Dispatches From Suburbia: Who Gets to Be in Our Community?
This is part of a series on suburban community and infrastructure. For the previous installment, please click here.
In June 2016, the United States Supreme Court ruled by a margin of 8-0 on Evenwel v. Abbott, a case that at its surface pertained to the particulars of redistricting in Texas. The question was whether legislative districts were obligated to be drawn based on the population of voting-eligible citizens, or could be drawn instead on the basis of all residents of an area. The plaintiffs pointed out that when districts were drawn on total population, voters in some areas might potentially be outnumbered by non-voters. This was deemed to be unfair to voters, who were assumed to be more legitimate members of the community. The Supreme Court ruled against Evenwel, asserting that districts could be drawn to take into account the total population. By implication, this meant that an elected official would be the representative of everyone in their district, not just those who were citizens, non-felons, over the age of 18, or registered voters.
I cheered the news of this decision. I’ve lived in the United States most of my adult life, but because of the vicissitudes of the US immigration system, I only became a citizen earlier this year.
I’ve always been outspoken about my political beliefs. But I also grew up in an English-speaking democratic country and, though I’m not white, I’m middle-class and university-educated. I’m likely to be the exception. Political engagement when you’re not a citizen is precarious. Non-citizens are never sure about which parts of the First Amendment really apply. This country has you at its sufferance, and you never quite forget that.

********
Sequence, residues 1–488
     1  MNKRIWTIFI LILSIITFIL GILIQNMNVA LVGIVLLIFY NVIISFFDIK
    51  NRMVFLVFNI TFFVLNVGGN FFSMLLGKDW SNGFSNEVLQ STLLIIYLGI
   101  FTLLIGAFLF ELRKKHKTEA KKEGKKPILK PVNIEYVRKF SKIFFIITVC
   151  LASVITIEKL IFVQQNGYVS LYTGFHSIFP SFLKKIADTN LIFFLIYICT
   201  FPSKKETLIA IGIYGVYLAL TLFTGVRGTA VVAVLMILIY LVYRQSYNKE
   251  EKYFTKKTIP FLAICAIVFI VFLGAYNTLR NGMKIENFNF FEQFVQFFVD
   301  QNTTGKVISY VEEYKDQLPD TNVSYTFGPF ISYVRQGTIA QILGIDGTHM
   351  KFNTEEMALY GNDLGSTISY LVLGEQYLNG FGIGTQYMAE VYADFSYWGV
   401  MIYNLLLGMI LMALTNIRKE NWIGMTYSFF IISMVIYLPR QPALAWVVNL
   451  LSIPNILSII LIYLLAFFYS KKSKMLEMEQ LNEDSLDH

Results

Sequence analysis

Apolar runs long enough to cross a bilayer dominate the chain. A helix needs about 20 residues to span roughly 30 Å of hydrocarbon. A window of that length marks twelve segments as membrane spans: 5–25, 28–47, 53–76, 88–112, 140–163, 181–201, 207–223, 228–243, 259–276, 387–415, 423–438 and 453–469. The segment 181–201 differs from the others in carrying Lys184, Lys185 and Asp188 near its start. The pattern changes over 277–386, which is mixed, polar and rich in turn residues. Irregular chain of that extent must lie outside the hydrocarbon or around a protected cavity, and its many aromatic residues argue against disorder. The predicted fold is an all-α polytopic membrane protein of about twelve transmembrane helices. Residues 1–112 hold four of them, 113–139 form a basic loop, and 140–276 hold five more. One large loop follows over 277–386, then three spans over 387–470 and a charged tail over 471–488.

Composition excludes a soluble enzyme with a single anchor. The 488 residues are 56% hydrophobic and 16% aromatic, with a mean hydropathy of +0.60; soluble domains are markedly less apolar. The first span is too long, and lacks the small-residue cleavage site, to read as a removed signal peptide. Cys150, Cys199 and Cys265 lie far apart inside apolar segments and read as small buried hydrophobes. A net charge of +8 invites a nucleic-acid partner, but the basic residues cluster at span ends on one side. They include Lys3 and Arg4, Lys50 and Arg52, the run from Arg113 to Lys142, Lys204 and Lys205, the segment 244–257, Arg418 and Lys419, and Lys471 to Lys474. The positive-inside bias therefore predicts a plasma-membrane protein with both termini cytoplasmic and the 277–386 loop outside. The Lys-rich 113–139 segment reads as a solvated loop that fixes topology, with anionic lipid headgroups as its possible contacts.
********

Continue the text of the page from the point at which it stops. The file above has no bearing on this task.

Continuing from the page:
Another case on the current Supreme Court docket, Maslenjak v. United States, looks at whether citizenship can be revoked after the fact due to discovery of false statements made during the immigration and naturalization process—perhaps you forgot the date of your last traffic ticket, or lied about being in a youth group in another country decades ago. It’s unlikely that the Court will rule against the plaintiff; however, the fact that loss of citizenship is even being debated is chilling.
We are living in a time of real, tangible threats to those deemed to be outsiders. Municipalities that are perceived to be lax on immigration enforcement may have their funding threatened and rumors are rampant of immigration raids of buses and outside houses of worship. Mosques and temples are being vandalized. For those of us from certain groups, particularly those who might look to be Muslim or Mexican, the news isn’t just a political drama but a roadmap for our day-to-day reality. When the discourse on neighborhood listservs seems inordinately concerned with suspicious activity and belonging—and you’re aware that you’re more than likely to be profiled on the wrong side of “see something say something”—you may be less likely to get involved in your community at all.
The ground floor for community engagement for many of us is our local civic association. I wanted to get involved, so I went knocking on doors in my predominantly white, single-family-home subdivision. Many people don’t answer to the first knock. I was leaning over to place a flyer within a screen door when the door flung open. A younger white man gave me an accusing look. I became suddenly aware of my racial difference and quickly informed him that I lived down the street, and was representing the civic association. He told me he was already a member and closed the door. I told myself that, most likely, he was just busy and I’d interrupted him, but couldn’t help but feel that I was intruding in more than one way.